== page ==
Grading Cubs Defense Overall and By Position
I never bought the “Best Defense Ever” tag put on the 2016 Chicago Cubs. How quickly the media forgot even the 2015 champion Royals, who featured a Gold Glove winner or finalist at six of eight positions. But the Cubs’ defense in that World Series season was indeed an elite weapon. It helped minimize pitch counts, lengthened starts, prevented runs, and pressured opponents.
The Cubs aren’t in that same category this season, but their defense is still good. One can find complex defensive metrics to support almost any position, but I personally consider the Cubs defense best in the NL Central. Plus, with the proverbially “tightening,” it can perhaps join Arizona and Washington as the league’s best.
As a handy benchmark, I give the 2016 Cubs defense an A-. This year, I rate the Cubs as borderline B/B+. I went with a B to give them room to improve short of that 2016 gold standard. This also reflects extra weight given to up-the-middle positions (catcher, SS, 2B and CF).
My grades also rely as much on good old eyeballing and a healthy appreciation of fundamentals as on stats. Given the many aberrations still inherent in most defensive metrics, it’s really the best option (see Kyle Schwarber’s UZR/150).
Catcher – The team’s biggest defensive drop from 2016 has happened here. The 2016 team featured two superb pitch framers in Miguel Montero and David Ross, with Willson Contreras as the regular-season apprentice in the wings. Ross was also a good pitch blocker and had the same arm strength as Contreras but was more accurate.
Contreras’s greatest defensive strengths are his arm strength and agility, both frequently displayed on his pick-off throws. No one pounces on balls near the plate quicker than Contreras.
On the flip side, he’s inconsistent in most other realms: blocking, framing and arm accuracy. Thus he led all major league catchers last year in errors. In fact, only his DL visit last season kept him from leading the Cubs in errors, which would have been a rarity in baseball history. Though his 2017 dWAR (1.4) ranked him as the third-best catcher in the NL, he averaged an error or passed ball every 4.5 games. This was the fourth-highest rate among the 21 catchers to start at least 81 games last year.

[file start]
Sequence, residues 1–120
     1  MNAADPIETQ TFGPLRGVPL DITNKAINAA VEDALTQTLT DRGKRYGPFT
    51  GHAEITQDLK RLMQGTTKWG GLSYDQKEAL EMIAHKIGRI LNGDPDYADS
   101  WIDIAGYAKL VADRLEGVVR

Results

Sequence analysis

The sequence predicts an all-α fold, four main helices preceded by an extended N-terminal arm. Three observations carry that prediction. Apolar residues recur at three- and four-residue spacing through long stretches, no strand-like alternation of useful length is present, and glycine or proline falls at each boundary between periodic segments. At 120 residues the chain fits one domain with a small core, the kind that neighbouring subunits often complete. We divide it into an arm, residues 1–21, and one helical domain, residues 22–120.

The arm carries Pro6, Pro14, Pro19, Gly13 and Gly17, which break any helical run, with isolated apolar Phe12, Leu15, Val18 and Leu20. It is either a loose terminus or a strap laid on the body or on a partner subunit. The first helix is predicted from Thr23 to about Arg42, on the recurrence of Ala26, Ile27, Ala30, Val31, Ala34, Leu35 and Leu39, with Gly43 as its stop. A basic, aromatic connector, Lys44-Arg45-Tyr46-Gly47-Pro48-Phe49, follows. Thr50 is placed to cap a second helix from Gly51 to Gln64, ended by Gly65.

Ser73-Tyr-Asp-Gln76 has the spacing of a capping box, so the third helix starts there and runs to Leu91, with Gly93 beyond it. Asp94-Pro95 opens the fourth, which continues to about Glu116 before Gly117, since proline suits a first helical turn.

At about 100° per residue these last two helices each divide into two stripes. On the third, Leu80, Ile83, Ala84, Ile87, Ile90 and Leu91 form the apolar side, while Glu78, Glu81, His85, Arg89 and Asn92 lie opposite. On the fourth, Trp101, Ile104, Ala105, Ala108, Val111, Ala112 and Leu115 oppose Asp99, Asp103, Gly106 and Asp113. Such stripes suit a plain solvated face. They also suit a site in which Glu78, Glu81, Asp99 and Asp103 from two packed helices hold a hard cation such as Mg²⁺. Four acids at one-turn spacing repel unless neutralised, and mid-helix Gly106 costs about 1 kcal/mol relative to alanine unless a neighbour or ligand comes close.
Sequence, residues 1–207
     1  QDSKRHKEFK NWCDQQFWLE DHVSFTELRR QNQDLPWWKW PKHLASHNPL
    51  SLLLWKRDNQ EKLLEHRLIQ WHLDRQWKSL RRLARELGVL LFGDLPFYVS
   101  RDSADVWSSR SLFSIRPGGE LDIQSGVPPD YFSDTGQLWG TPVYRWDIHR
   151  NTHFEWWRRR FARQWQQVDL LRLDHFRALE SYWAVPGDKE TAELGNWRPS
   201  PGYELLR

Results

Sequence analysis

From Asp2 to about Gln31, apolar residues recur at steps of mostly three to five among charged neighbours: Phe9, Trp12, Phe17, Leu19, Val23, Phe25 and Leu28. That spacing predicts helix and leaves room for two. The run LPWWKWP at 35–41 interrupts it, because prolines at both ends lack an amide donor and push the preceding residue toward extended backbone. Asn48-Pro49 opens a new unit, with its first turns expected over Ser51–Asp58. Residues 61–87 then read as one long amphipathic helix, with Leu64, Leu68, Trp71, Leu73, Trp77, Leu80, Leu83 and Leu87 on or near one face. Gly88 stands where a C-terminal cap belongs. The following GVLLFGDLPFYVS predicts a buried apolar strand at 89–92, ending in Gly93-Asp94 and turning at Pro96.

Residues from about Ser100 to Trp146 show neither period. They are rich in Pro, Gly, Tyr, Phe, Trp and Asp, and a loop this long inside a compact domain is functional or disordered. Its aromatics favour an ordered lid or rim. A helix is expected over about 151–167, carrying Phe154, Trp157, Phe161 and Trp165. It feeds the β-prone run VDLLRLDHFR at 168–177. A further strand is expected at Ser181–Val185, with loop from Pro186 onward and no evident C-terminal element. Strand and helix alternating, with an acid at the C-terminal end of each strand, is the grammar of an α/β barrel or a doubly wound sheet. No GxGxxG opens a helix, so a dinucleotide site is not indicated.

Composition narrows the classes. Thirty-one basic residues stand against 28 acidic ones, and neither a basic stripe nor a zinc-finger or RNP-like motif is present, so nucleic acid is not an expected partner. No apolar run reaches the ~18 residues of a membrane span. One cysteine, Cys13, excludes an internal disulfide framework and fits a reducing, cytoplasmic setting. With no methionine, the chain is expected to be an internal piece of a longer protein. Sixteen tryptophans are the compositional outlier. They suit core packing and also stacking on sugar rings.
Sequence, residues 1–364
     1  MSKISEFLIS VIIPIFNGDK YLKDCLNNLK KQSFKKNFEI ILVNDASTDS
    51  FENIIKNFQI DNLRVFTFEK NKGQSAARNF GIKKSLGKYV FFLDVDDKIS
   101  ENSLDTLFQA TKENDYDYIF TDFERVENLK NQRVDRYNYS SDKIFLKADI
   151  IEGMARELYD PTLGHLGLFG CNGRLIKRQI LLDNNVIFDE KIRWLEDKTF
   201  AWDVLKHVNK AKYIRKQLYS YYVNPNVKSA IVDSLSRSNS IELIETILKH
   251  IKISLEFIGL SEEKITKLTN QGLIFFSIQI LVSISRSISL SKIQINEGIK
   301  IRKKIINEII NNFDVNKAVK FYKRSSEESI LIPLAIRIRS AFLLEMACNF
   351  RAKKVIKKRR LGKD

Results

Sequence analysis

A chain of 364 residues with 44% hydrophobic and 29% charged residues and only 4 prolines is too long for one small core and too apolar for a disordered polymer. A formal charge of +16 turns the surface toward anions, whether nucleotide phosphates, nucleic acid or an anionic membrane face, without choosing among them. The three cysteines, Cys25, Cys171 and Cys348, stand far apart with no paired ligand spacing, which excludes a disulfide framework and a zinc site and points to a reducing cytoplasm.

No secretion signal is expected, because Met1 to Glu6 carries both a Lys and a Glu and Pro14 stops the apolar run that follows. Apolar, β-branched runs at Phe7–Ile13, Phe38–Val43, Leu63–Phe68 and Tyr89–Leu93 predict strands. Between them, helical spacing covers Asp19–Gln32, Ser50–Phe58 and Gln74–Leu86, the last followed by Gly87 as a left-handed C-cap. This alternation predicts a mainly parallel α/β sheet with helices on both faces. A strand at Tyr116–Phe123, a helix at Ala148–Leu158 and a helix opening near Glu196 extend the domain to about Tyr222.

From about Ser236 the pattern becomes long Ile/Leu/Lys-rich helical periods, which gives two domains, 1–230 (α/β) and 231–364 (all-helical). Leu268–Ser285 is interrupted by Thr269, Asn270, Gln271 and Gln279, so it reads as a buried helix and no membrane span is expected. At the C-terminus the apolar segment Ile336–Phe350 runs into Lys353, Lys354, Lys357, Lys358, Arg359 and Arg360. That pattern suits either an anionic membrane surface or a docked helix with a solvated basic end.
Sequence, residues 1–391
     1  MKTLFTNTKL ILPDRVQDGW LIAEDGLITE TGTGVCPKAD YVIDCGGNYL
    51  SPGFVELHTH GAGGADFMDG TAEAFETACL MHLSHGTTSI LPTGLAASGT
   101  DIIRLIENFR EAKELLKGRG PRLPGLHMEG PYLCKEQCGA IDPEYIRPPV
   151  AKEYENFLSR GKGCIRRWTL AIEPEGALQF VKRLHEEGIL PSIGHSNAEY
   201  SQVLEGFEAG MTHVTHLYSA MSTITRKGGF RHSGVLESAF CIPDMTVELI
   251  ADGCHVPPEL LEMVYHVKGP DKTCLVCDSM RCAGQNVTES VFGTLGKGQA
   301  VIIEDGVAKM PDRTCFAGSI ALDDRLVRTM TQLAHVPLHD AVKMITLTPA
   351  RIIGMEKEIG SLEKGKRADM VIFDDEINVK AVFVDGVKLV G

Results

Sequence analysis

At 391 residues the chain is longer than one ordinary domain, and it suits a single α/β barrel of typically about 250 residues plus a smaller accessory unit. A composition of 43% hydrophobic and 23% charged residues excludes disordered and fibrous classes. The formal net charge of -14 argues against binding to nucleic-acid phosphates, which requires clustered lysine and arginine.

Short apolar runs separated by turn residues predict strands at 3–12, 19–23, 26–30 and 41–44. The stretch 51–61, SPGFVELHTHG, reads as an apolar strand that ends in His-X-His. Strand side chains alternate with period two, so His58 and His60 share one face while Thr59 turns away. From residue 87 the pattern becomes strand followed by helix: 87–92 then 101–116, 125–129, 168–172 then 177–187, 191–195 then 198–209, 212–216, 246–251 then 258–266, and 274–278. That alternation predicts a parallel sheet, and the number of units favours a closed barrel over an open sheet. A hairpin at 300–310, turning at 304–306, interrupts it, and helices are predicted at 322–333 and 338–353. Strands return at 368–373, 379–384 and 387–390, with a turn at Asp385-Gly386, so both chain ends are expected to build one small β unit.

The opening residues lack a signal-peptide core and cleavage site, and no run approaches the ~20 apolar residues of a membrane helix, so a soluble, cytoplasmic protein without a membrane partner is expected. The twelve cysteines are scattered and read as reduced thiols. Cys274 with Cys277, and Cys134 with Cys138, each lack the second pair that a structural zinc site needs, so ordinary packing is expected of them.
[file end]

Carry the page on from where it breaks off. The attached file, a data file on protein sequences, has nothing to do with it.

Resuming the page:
Never expect dramatic in-season improvement in fundamentals. However, if Contreras can reign in his gambler nature on throws when not in ideal throwing position, he could reduce his errors.
Defensive Grade: C+
Shortstop – Addison Russell is off to a Gold Glove-contending start at shortstop. Though capable of highlight-reel plays, he generally exemplifies the “boring defense” Joe Maddon extols. On plays that cause Javy Baez to happily dive and sprawl, Russell stays on his feet and glides along thanks to his excellent fundamentals. Plus, he seldom makes mental mistakes (though he had a glaring one in the recent Giants series holding a ball too long on a Pablo Sandoval grounder).
Another mark of his consistency: Every time an announcer thrills over how fast Baez turns a double play, watch the replay to see how accurately Russell made the first throw. By comparison, Baez’s double-play throws aren’t as accurate. This is one reason Maddon calls Baez a “good shortstop,” but never blinks sticking with Russell as the infield anchor.
Defensive Grade: A- (Addison Russell) / B (Javier Baez)
Second base – We all know Javy is great on the hard plays. He lives for them. He’s a great tagger, has great range, and a plus-plus arm for the position. While his shortstop play suffers from concentration on routine play, the challenge of learning the nuances of second base at first caused him to increase his focus on every play. So much so his fielding percentage last year peaked at a quality .983.
In 2016, the combination of Baez’s flash and athleticism (especially in the first two playoff rounds) and Ben Zobrist’s solid consistency combined for an A- second-base rating. This year, Baez’s familiarity with the position has led to some old sloppiness on routine plays. His fielding percentage this year is down into the .960’s, the same as his career average at shortstop.
Defensive Grade: B